These data banks of tasks can be used to create a computer model of a particular process (Feirer, 2002). This can allow the engineer to arrive at an approximation of the time it will take to complete a task-based combining the average times from the different components of the task. Using computer analysis of a task can allow the operations manager to dissect the various parts of the task, change the values and maximize the efficiency of the task (Fitzgerald, Leven, Riedel, and Toenshoff, 2003).

The Human Factor

Up until this point in the discussion, the work of the human and the work of the machine are performed in the same way. The human is treated as just another step in the production process. We mentioned the human factor as far as reliability is concerned and that human needs can reduce the reliability of the human, as compared to the machine that can perform the same task tirelessly day in and day out, as long they have proper lubrication to do so. However, humans need much more than a little machine oil from time to time.

Over the course of the working day the worker will experience fatigue. Adverse working conditions such as extreme heat, or fumes may increase the fatigue experienced by the worker. Operations managers must make an allowance for this to allow the worker to recover from the fatigue. The work and conditions determine the allowanced needed for the average worker to recover. Allowances cannot compensate for unsafe or unhealthy working conditions, and they must be sufficient to recover. There is often a trade-off between worker fatigue and maximum production efficiency. A worker that is fresh can perform the tasks more quickly and efficiently than a tired worker.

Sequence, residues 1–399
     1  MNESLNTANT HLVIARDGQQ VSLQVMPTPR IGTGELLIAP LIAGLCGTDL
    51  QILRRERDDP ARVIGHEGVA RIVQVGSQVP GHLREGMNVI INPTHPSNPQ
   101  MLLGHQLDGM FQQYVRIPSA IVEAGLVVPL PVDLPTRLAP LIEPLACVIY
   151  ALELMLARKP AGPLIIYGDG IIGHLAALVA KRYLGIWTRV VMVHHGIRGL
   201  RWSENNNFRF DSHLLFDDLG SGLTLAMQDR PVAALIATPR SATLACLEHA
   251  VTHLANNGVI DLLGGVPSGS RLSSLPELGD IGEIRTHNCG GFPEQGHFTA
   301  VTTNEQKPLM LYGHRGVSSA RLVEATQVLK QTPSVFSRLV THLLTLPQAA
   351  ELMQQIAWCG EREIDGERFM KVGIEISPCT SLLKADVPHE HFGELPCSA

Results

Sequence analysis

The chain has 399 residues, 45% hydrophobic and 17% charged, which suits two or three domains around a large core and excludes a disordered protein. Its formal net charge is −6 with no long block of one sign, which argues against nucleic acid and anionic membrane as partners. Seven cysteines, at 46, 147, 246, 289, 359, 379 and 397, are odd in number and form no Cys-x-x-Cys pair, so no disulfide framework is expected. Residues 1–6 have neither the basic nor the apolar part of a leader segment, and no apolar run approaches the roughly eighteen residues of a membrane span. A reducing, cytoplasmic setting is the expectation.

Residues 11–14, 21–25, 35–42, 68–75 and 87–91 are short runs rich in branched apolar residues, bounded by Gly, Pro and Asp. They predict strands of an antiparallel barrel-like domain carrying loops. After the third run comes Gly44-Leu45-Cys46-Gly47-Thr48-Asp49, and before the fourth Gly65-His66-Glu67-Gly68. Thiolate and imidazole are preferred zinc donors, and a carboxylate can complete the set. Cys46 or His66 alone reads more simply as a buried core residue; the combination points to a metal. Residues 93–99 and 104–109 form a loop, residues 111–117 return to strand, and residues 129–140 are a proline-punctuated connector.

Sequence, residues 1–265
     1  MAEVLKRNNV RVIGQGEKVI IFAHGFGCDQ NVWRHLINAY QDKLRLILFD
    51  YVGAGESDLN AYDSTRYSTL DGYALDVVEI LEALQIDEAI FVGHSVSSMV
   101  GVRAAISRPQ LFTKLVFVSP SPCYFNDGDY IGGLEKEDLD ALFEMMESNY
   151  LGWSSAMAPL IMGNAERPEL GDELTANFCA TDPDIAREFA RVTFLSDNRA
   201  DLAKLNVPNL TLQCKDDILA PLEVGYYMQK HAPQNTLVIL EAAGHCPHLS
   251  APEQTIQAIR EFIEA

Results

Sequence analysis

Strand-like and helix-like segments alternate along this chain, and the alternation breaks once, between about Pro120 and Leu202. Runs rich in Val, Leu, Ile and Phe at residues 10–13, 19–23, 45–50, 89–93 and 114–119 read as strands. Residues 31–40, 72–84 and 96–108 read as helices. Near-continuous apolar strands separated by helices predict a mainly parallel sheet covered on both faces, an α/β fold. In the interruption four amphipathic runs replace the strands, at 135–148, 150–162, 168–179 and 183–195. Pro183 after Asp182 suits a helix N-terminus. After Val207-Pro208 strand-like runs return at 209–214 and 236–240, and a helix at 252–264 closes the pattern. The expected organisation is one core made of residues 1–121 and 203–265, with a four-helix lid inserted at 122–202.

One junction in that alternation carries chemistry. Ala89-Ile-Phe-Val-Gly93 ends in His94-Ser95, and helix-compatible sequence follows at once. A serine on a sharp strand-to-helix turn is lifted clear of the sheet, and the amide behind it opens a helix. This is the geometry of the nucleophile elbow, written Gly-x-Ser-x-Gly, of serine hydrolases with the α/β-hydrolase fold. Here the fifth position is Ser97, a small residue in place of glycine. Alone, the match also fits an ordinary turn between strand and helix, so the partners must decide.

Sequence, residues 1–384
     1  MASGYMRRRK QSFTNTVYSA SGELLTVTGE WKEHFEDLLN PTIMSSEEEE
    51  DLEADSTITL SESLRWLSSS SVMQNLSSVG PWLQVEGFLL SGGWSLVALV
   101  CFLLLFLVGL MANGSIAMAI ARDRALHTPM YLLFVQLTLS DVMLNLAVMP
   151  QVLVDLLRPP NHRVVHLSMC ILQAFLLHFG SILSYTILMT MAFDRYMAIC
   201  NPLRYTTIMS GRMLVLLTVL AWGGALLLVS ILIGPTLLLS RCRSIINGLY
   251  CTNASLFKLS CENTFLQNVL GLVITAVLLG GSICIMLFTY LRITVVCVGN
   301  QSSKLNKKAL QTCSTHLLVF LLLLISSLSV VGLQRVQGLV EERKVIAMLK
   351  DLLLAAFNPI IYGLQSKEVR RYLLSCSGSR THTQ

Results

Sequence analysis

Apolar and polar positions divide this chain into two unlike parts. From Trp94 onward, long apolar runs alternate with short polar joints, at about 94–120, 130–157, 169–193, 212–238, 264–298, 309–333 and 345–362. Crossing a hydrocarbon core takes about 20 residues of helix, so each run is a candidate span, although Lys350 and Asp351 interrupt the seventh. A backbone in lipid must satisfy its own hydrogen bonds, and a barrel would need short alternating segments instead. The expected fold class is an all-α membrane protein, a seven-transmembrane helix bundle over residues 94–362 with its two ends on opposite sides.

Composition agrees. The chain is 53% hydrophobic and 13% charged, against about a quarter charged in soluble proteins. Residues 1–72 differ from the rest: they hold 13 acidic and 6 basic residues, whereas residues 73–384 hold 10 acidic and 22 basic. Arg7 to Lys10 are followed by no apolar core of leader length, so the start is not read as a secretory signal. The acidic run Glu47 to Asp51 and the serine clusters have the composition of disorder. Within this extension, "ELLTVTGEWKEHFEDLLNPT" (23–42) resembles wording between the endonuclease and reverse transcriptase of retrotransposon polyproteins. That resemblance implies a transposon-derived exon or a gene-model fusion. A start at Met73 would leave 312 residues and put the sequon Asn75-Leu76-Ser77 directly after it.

Anticipating worker fatigue, machine maintenance and times between machine failures are also allowances that must be made if one is to obtain the most reliable work measurement. Many of these factors can be estimated with a high degree of accuracy. Careful observation over time is the key to accurate work measurement. Each observation represents a data point. Just like any other scientific study, the more observations made, the more accurate and reliable the results. After a sufficient number of observations outliers can be easily identified. A greater number of observations mean more reliable estimations of work and better data to use in the design process.

Work measurement is an important part of business process engineering, or in some cases, re-engineering. The more knowns that a designer knows…[continue]